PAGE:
That headline may sound like a perfect storm of vague and bloodless words, but its meaning is actually pretty forceful.
I'm looking for examples of policies, often at the level of planning authorities spanning an urban region, that state expected performance outcomes for major investments. These policies frame the big infrastructure decisions as investments, which implies some risk but also some sense of expected level of return. The return doesn't have to be to the transit agency's budget, though it certainly can be. It could also be a return to the tax base or development goals of the city served.
The purpose of such policies is to push back against purely political impulses in prioritization, including all the many aspects of parochialism that are inseparable from representative democracy. The policy is polite, but behind the politeness it basically says: We can't focus on how worthy or victimized or generous your suburb or community or electoral district is, nor do we care what our grandparents promised to your grandparents. We as a regional infrastructure agency care about outcomes for our region, and we will not make investments that look unlikely to deliver those outcomes.
In my case, I'm interested in major transport infrastructure investments, both highway and transit.
These policies are in early stages of being invented in most of the agencies I'm familiar with, but I want to make sure I'm not missing any inspirational leadership in this area. Anyone with knowledge of such policies in any urban area, please inform me of them, either in comments or with the email button under my photo. —>
Well, good luck with this, Jarrett! In the U.S. you’ll be looking are and wide.
There may be examples in Great Britain you could cite, since projects there have to meet cost/benefit tests imposed by the British government. There might also be examples in Europe, but I don’t speak French or German, so I don’t no where to find them. Anything Swiss, too, would probably be helpful.
The MTC TOD policy is a good one. There needs to be a certain amount of density at the stations to get a certain type of transit.
I have been trying to seek out government run performance based investment programs for well over a year now…you are going to have a tough time. The very best suggestion I could give you is to speak with Janette Sadik-Khan. In terms of infrastructure investment leadership, she is the only one with a consistently stated emphasis on investing for real-world results rather than political wins.
JSK… that would be the person whose first priority for BRT was a bus corridor whose ridership doesn’t make the top 20, right?
I didn’t say she was perfect. She just happens to be way better than anyone else in the nation right now with respect to investing for performance.
Regardless, I don’t really accept the premise of your statement. There are many performance-based reasons to invest in a corridor that have nothing to do with current ridership.
This is just one of many comparable examples, but in my line of work, a poorly planned product launch can cripple a business, either with technical problems or with unpredictability of supply or demand or both. Because everything is new, there are simply too many variables that can affect demand and supply. The proven way to launch a product is to do pre-launches. You launch it with small segments of customers, which gives you data to better predict demand and needed supply, while giving you time to work out technical details.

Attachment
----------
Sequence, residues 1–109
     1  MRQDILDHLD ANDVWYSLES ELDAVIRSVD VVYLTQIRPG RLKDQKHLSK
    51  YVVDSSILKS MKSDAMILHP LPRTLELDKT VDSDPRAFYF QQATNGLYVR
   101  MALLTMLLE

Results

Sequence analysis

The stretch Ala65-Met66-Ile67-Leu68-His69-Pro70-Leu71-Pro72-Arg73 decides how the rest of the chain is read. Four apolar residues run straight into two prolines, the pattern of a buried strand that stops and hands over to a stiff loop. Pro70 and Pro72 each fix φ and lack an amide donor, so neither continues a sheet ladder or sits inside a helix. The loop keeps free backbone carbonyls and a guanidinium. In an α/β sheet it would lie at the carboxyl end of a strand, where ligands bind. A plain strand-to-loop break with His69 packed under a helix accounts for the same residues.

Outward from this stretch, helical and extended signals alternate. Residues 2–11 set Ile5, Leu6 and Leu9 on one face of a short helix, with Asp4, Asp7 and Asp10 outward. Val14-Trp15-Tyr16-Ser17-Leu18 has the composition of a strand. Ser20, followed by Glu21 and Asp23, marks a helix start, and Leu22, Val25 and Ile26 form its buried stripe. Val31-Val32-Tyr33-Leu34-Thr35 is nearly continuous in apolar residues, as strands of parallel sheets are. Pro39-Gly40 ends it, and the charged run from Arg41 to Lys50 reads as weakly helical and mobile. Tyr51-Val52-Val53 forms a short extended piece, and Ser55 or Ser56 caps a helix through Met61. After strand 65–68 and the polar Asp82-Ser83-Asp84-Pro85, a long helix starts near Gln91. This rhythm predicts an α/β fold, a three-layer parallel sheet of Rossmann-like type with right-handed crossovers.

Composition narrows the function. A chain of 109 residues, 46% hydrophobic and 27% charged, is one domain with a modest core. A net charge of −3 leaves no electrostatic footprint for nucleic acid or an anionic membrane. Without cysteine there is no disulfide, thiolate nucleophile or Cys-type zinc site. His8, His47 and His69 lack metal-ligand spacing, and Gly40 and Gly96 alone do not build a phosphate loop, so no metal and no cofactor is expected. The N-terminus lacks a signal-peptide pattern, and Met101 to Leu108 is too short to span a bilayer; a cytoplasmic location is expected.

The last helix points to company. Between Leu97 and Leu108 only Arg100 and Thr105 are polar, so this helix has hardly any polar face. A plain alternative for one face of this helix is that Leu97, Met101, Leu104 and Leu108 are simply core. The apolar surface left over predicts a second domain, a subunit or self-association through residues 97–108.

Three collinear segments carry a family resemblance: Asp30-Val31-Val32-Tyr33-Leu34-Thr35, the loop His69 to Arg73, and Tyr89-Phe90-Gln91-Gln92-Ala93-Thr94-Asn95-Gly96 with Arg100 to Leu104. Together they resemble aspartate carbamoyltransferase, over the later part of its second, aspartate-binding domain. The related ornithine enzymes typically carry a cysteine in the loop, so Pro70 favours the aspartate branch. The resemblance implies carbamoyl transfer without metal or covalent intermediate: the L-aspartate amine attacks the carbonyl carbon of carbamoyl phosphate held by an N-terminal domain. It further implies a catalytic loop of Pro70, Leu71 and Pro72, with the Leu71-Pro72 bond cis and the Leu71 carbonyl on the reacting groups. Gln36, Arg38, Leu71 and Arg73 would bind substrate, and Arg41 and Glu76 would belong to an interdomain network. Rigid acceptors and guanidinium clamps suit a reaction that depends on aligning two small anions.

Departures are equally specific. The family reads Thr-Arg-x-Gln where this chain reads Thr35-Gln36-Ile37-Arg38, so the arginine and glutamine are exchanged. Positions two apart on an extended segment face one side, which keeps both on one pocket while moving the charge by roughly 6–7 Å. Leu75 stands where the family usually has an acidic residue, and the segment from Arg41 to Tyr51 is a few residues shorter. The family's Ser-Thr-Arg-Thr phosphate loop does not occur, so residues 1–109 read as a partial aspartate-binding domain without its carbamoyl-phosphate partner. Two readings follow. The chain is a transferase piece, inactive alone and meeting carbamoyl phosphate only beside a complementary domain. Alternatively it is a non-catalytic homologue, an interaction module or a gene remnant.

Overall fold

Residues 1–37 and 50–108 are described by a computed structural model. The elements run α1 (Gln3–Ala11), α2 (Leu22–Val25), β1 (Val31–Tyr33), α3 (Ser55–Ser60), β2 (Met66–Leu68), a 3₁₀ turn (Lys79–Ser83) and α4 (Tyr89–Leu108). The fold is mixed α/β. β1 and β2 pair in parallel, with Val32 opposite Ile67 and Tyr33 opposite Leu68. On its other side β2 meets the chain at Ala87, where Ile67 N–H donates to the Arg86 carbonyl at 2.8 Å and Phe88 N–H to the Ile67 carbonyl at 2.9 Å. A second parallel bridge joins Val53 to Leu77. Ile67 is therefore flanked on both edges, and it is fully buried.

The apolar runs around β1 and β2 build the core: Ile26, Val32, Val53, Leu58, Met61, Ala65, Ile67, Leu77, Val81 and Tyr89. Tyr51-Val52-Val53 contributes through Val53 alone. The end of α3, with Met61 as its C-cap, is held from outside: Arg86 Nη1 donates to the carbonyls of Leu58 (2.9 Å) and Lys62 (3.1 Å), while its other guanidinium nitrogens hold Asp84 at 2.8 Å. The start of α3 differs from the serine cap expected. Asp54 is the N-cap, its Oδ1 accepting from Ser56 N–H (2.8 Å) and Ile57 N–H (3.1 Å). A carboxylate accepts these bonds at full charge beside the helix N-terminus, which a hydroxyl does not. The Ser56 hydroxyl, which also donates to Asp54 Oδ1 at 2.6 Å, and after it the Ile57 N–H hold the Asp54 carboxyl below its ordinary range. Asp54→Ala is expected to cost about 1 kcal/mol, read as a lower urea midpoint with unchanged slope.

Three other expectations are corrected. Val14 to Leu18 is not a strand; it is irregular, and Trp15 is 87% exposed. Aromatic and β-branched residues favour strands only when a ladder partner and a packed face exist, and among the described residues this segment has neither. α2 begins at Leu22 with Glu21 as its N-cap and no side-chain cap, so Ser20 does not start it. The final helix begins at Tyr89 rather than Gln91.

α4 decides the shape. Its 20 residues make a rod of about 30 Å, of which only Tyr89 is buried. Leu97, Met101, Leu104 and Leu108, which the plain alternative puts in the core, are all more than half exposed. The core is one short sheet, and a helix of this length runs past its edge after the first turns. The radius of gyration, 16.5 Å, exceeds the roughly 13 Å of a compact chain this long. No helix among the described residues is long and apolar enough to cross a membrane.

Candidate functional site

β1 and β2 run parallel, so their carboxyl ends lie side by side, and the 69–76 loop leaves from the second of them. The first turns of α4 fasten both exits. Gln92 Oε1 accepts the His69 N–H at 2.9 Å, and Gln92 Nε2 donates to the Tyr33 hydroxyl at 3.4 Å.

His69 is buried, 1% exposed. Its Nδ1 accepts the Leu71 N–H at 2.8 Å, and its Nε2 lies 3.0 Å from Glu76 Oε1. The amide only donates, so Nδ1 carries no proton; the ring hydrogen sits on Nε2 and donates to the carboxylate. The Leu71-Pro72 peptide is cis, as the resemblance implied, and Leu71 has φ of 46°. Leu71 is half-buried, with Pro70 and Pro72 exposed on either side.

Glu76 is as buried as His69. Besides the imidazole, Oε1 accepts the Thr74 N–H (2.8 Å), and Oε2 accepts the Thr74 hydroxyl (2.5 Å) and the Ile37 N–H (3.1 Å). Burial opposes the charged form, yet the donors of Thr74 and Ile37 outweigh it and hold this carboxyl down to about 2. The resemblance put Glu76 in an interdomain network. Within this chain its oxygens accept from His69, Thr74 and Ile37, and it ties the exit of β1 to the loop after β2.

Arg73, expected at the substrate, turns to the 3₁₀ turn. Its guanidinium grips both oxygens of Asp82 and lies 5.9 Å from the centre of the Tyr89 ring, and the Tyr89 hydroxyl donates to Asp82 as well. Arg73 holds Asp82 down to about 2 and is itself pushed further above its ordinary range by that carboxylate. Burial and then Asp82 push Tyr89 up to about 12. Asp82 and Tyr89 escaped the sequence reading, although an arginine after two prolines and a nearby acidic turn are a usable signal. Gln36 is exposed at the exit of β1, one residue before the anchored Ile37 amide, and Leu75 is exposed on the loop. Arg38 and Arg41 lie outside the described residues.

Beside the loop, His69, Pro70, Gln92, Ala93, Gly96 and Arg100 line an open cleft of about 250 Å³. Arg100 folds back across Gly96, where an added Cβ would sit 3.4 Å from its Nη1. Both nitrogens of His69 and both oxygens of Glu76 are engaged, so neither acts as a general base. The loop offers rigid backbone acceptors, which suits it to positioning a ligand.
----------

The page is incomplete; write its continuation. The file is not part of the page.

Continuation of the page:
Other scenarios might call for investing in areas that have the most room for improvement. If a bus corridor has low ridership, that could mean that it isn’t a good corridor for investment, or it could mean that it is underutilized. There are ways to find out which is which, but casual statistical models rarely are able to distinguish between the two.
I honestly can’t say whether JSK is doing exactly this or if this is just a case of a political entity succumbing to political pressure. All I can say is that she is far better than anyone else I know in the NA public transportation sphere in terms of investing for cost/benefit performance.
The idea that it’s hard to find major infrastructure decisions that have been based on projected outcomes rather than political factors is damning. It makes one question the value of planning at all. But it’s not that planning and engineering analysis is no longer applied! There continues to be a robust literature on best practices for planning analyses, and people who continue to crank out ever-improved data.
What’s concerning is (1) that elected officials pay less and less attention to analysis and data, and (2) that planners and engineers skew the data they produce to support the expected preferences of electeds. Where I live, if you attend so-called technical advisory committees these days you find they are populated not by technicians any more, but by political handlers — because there is nothing more rewarded in government than channeling and anticipating the political wind of the hour.
We have very few decision-making processes that are driven by data and algorithms. Instead we rightly agree that data should inform decisions by people, who make informed decisions weighing both the data and the values they feel they share with constituents. When there’s a good balance and dialogue between technical and policy, decisions are made well. I think that’s the right way to make public decisions. But it seems we are not anywhere near that balance today.